Comparing Clueless and Emma

Topics: Sociology, Jane Austen, Emma Pages: 5 (1810 words) Published: September 27, 2010
Adaptations of Jane Austen’s, Emma, are usually period pieces diligent in capturing and replicating the manners, dress, language and values of the original text. Clueless, written and directed by Amy Heckerling, deviates drastically from the norm, as the film is not a period piece. While Emma is set in the early nineteenth century in the country village of Highbury, sixteen miles out of London, England, Clueless is set in Bronson Alcott High School almost two hundred years later, in the late twentieth century. Despite the significantly different geographical and historical setting and the diverse social values, lifestyles, and issues than those depicted in Emma, Amy Heckerling’s high school setting retains and is faithful to many of the characteristics exhibited by the characters and society found in Highbury. Evidence of this is clearly illustrated in examining the many parallels in terms of social class/groups, characterizations, events, plot, and the importance of themes such as relationships, and the process of growth leading to self-awareness in both the novel Emma and the film, Clueless.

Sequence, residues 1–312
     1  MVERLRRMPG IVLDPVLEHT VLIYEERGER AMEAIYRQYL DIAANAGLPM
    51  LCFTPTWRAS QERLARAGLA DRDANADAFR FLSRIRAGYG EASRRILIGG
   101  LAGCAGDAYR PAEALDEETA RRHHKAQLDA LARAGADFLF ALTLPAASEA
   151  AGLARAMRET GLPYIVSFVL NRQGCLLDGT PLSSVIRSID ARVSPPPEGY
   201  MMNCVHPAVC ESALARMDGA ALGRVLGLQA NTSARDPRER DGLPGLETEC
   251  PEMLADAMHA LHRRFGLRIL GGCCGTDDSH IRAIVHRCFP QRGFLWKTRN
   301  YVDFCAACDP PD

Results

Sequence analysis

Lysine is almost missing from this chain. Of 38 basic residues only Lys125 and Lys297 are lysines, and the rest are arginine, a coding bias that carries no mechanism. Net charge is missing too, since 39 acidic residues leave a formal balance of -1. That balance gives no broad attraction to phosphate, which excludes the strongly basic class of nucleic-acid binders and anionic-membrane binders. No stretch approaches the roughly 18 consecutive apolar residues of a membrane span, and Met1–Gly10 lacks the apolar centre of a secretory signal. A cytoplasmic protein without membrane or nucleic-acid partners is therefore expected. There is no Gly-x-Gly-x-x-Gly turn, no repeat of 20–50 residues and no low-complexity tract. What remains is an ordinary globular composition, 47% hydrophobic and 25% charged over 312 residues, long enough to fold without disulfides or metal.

As the transformed and transported Highbury, the modern high school in Clueless is inhabited by a younger cast that the characters in Emma. However, the high school exhibits a parallel concept of class structure and all it entails, as those found in Highbury. Highbury’s social structure is presented from the perspective of the upper middle class English society, primarily through perceptions of Austen’s female protagonist Emma and in her daily actions and interactions with the rest of the characters, and Austen’s use of free indirect discourse. The high school’s social structure is similarly presented in Clueless but through Heckerling’s female protagonist Cher and Heckerling’s use of the voiceover. Highbury and Broson Alcott high school are both small self-contained societies that exhibit varying but rigid hierarchy’s which have great impact on the daily life of its’ characters. Traditionally, Highbury’s society is a rigid hierarchical class structure based importantly from lineage and gentleman-landowner, followed by “traditional professionals” such as doctors, and Mr. Elton (the vicar), and military officers (Colonel Campbell and Captian Weston), tradespeople come next (upwardly mobile Coles, and the Fords) while tenant farmers (Robert Martin) are slightly above the hired servants, and the poor (gypsies) are at the bottom. Class standing or social rank in Emma’s Highbury is extremely important as it dictates marriage opportunities, social interactions and codes of behaviour. Attempting to rise above one’s class is only truly attainable through marriage. Highbury’s inhabitants examine marriage in terms of “inequality of fortune”(179) or a little “disparity in age”(179) but the aim is always to better oneself by marrying in a better or like class. It is not prudent to marry below own class. Mr. Weston did both. First he married to better himself, which backfired, since his wife spent most of his money. Miss Taylor, his second wife and Emma’s former governess, was below his rank. Therefore, Miss Taylor has made a good marriage with an upward change in status. Accumulating wealth to better ones rank takes generations to gain acceptance, as it did Mr. Weston. The Coles are grudgedly being tolerated after ten years of obtaining wealthy status. Marriage is the quickest and most profitable route to take to cross the great division of classes in Highbury. Each class in Highbury’s society is expected to adhere to specific codes of behaviour according to their status. Since the focus of Emma is on the upper class, they have a moral responsibility to be of service to those less fortunate. As a gentleman and the moral voice in the story, Mr. George Knightly takes care of the Bates by giving them bushels of apples and making his carriage available to them. He saves Harriet from embarrassment and dances with...
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